Guest essay by Eric Worrall

h/t Dr. Willie Soon; According to NPR’s Julia Simon, climate change is killing all the trees overhanging power lines which utility companies thought were safe to ignore.

Climate Change Is Killing Trees And Causing Power Outages

September 21, 20215:00 AM ET

On a hill in Oakland, Calif., Igor Lacan looks out from under his Stetson hat at the neighborhood below and begins listing trees.

“Maples to birches to plums to liquid amber,” says Lacan, horticulture adviser for the University of California Cooperative Extension. “A cedar. I see some palms, and then you’ve got a monkey puzzle up here!”

In between the trees is a crisscrossing web of power lines, delivering electricity to the houses below. Lacan works as an adviser for California utilities such as Pacific Gas & Electric, and he says while most of the trees seem to be flourishing, that’s not true for some nearby acacias. He points upward to a spiral of dead bark hanging off an acacia branch.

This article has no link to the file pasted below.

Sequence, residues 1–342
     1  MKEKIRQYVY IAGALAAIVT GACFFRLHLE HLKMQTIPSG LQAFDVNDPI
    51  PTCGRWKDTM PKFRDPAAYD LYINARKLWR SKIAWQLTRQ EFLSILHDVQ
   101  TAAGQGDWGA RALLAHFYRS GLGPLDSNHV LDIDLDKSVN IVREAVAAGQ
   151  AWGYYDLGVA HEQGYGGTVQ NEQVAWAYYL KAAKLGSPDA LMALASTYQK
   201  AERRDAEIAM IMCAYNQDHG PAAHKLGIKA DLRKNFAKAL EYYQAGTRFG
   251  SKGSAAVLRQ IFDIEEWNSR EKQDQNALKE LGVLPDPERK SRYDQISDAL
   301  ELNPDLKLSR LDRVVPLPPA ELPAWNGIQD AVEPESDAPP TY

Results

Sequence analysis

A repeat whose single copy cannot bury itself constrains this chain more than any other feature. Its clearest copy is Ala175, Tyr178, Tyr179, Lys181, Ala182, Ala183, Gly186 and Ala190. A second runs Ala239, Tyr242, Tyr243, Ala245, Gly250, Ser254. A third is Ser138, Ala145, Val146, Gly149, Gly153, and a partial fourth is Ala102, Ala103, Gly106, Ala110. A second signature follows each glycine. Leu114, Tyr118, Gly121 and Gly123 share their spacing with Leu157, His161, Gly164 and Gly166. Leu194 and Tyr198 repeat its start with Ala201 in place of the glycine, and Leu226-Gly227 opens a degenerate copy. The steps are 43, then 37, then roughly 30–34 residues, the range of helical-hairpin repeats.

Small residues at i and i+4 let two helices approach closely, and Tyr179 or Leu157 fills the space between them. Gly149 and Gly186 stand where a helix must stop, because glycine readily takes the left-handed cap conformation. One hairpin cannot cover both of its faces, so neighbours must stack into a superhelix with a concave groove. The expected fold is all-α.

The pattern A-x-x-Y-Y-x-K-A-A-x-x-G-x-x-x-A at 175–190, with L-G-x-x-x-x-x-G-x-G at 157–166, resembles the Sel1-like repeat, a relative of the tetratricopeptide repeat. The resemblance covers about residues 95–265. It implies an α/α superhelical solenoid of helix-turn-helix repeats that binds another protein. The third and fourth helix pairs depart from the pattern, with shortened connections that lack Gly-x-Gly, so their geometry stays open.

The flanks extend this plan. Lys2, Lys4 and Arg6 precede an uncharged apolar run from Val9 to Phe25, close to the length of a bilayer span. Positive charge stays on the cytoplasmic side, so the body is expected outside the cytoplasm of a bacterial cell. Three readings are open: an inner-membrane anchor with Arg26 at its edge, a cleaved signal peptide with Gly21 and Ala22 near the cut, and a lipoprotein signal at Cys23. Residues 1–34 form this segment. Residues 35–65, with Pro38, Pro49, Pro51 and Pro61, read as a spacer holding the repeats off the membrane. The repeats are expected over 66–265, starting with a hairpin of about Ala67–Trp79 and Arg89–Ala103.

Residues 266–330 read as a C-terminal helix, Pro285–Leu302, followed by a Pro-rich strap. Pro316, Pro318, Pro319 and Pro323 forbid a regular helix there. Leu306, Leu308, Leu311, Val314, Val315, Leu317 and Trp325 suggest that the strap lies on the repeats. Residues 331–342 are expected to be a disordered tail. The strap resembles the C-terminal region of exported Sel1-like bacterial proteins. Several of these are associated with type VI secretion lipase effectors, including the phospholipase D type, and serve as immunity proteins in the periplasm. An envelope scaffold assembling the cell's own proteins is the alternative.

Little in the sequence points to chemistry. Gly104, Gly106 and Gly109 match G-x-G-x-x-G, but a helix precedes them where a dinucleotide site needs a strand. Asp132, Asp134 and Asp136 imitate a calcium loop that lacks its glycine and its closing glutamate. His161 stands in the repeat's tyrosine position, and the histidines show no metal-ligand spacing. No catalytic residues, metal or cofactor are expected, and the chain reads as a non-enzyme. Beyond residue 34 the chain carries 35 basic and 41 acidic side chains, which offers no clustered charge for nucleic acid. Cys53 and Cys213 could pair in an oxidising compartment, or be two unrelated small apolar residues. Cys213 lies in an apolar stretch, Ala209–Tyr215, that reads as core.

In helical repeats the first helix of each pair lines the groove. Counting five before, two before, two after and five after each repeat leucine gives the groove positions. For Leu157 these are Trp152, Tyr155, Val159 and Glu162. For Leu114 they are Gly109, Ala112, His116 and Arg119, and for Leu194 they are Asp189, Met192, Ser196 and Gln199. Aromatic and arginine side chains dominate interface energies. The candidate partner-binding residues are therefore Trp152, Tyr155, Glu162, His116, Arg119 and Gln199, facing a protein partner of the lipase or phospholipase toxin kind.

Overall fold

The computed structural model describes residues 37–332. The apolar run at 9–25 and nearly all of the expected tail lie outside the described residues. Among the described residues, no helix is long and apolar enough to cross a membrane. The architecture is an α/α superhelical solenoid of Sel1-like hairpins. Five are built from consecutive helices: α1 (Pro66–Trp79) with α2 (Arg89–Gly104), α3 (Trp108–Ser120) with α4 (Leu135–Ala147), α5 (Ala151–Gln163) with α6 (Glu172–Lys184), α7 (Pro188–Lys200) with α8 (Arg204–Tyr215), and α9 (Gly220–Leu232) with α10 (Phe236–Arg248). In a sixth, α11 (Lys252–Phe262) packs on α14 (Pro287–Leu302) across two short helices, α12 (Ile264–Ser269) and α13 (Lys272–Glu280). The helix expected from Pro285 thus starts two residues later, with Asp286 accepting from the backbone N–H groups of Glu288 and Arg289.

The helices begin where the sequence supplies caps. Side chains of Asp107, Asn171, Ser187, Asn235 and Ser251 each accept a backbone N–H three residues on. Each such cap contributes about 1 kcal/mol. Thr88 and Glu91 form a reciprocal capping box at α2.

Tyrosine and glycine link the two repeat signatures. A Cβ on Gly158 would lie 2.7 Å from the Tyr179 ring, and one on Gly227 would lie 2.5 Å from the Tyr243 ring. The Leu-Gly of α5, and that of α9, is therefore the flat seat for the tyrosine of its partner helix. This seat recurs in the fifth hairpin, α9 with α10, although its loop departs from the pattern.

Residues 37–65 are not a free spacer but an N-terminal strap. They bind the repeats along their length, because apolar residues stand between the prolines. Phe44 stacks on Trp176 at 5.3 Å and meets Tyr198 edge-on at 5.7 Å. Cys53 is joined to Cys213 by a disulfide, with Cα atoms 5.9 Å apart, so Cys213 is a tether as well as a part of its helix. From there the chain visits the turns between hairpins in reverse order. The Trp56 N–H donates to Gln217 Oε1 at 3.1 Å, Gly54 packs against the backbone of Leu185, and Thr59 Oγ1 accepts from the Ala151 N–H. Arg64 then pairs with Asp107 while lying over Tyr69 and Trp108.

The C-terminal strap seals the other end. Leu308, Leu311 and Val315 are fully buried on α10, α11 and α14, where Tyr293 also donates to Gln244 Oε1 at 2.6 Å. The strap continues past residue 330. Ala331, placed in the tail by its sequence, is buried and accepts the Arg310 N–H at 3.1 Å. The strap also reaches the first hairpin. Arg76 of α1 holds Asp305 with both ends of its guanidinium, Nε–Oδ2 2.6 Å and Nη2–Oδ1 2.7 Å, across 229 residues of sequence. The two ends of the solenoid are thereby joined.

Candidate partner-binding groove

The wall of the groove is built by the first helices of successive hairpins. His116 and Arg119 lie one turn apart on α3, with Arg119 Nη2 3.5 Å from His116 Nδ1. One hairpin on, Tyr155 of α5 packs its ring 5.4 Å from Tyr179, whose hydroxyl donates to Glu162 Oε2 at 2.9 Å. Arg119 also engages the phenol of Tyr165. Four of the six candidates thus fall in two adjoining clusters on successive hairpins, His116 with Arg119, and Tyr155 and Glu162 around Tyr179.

According to researchers at the University of California, Berkeley, opportunistic fungi are killing these trees. California’s climate change-fueled drought, which has persisted for the better part of two decades, has stressed the trees and made them vulnerable to parasites.

According to more than a dozen of the country’s largest utilities, branches and trees falling on power lines are a leading source of power outages. Some utilities say that because of factors related to climate change, trees are dying faster than they can reach them on their normal trimming cycles.

Nina Bassuk, professor of urban horticulture at Cornell University, explains that climate change can kill tree cells through a confluence of stressors. “It’s not like an animal, which dies when you pierce the heart — trees die cell by cell,” she says.

As climate change leads to more tree mortality and more blackouts, horticulturalists such as Lacan say the solution isn’t to plant fewer trees. It’s to plant different trees that can better endure drought and a hotter climate. Plus, shorter trees, he adds. “There are a number of short tree species that work quite well under those distribution lines.”

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In Australia where our tall Eucalyptus trees are all flammable fuel air bombs, more effort is made to keep power lines clear of trees, because our trees don’t have to be dead to start a major fire. The interesting part of ensuring there is no vegetation next to power lines is it works – even climate change can’t cause dead branches or trees to cut the power and start a fire, if there are no dead branches or trees close enough to fall on the lines.

via Watts Up With That?

September 22, 2021